Keyboardist Craig Taborn is no stranger 'round these parts. His versatile piano playing and use of electronics have certainly been documented in our reviews of his efforts as a leader (check out his solo ECM recording Avenging Angel) and as a sideman (check out his work with Roscoe Mitchell and contemporaries like Christian McBride and Tyshawn Sorey). On Daylight Ghosts, he and his quartet dive deep into the austere and spacious sound that defines the ECM label.
The opener 'The Shining One' begins with a quick exchange between drummer Dave King and woodwind player Chris Speed, who delivers the track's corkscrew theme. Taborn's entrance is subtle and bassist Chris Lightcap delivers a powerful punch before stepping back into a supporting role. The concentric layering of the track's short melodic cells heap on the tension, but when the band seems to be just getting started, the track ends! The following song 'Abandoned Remainder' also starts out slowly, but picks up some heady steam while the group shows off a collection of jagged melodic fragments.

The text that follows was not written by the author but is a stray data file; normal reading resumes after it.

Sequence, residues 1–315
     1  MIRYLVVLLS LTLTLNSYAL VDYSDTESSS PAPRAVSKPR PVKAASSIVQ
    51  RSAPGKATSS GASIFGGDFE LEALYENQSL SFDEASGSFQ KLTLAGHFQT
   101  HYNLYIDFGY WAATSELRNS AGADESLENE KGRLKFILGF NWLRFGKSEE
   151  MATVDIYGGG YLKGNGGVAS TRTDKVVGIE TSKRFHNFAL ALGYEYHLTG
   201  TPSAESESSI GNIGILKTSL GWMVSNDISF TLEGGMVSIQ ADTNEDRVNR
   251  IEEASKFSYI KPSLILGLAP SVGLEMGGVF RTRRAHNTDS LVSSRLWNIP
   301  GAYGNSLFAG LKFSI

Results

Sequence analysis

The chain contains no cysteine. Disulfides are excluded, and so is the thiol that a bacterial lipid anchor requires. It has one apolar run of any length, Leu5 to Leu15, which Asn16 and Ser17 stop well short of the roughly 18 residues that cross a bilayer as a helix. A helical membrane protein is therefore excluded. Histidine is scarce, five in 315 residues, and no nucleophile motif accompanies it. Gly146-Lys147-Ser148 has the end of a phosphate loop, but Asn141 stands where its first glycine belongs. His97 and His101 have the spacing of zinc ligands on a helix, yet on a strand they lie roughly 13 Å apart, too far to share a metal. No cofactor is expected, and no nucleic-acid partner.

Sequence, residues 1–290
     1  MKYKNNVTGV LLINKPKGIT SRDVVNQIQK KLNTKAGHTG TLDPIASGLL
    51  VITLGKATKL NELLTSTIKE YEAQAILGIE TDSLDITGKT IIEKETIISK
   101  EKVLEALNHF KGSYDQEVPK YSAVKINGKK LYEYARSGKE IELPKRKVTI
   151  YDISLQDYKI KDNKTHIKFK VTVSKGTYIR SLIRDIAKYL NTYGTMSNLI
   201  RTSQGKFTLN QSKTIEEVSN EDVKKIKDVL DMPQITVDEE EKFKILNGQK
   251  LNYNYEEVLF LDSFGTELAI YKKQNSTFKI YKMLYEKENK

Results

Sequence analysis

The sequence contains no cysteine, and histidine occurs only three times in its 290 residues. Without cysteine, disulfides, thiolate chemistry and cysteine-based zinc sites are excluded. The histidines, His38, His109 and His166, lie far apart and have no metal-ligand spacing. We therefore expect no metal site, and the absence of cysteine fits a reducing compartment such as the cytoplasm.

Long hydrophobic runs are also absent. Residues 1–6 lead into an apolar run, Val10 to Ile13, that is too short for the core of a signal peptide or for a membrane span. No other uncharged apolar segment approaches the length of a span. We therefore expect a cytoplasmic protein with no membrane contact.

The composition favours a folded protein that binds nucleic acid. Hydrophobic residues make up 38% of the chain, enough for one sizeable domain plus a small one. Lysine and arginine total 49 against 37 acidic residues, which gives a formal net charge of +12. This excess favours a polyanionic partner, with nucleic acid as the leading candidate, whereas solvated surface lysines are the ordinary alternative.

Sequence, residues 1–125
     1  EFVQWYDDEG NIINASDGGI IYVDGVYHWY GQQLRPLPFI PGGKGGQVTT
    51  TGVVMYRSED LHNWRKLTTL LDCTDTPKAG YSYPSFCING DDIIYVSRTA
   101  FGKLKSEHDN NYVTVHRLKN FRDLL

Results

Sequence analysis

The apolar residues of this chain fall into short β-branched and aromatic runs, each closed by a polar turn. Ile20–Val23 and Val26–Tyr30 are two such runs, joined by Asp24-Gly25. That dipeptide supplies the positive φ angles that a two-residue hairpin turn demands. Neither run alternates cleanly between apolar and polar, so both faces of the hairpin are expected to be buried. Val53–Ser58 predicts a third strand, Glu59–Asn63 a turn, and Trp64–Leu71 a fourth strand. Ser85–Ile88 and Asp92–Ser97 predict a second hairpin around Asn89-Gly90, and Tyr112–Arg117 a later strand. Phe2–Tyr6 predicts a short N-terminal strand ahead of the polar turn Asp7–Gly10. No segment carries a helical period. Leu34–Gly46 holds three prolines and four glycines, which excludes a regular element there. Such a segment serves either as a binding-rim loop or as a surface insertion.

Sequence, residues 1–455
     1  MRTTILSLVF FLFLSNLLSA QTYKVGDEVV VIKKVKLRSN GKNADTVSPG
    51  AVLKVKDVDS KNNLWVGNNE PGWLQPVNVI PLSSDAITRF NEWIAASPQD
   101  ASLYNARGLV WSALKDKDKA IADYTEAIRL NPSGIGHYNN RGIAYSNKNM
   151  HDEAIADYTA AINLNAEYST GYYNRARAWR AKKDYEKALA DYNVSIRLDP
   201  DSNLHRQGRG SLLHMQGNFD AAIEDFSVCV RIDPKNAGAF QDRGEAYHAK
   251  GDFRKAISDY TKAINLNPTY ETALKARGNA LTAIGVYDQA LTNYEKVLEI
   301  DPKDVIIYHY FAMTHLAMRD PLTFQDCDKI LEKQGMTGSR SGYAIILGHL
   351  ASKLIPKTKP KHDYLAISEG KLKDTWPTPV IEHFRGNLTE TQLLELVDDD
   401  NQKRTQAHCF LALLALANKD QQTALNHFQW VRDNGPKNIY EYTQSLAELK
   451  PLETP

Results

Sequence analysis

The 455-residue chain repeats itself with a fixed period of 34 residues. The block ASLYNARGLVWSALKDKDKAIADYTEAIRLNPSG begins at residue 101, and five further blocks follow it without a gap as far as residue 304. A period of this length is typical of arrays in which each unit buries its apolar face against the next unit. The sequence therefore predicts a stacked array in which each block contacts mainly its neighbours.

To my ears, it's track 6, 'Ancients' that serves as the centerpiece of Daylight Ghosts. Its lean framework lets the musicians stretch out with concentrated ferocity. I suppose the following 'Jamaican Farewell' feels like a bit of a letdown to me. It is a minimalistic and pretty ballad, but remains just a bit too ephemeral. Throughout, there are stretches where it feels somewhat static, the build is slow, like on the well titled 'The Great Silence' where Speed's clarinet plays forlornly over tiny splashes of chords, but even so, the sound is crisp and small movements make for big moments. These slower tracks are well balanced by others that catch fire like 'Abandoned Remainder' or are irrepressibly buoyant like 'New Glory', and it is these contrasts that make Daylight Ghosts, as a whole, a compelling listen.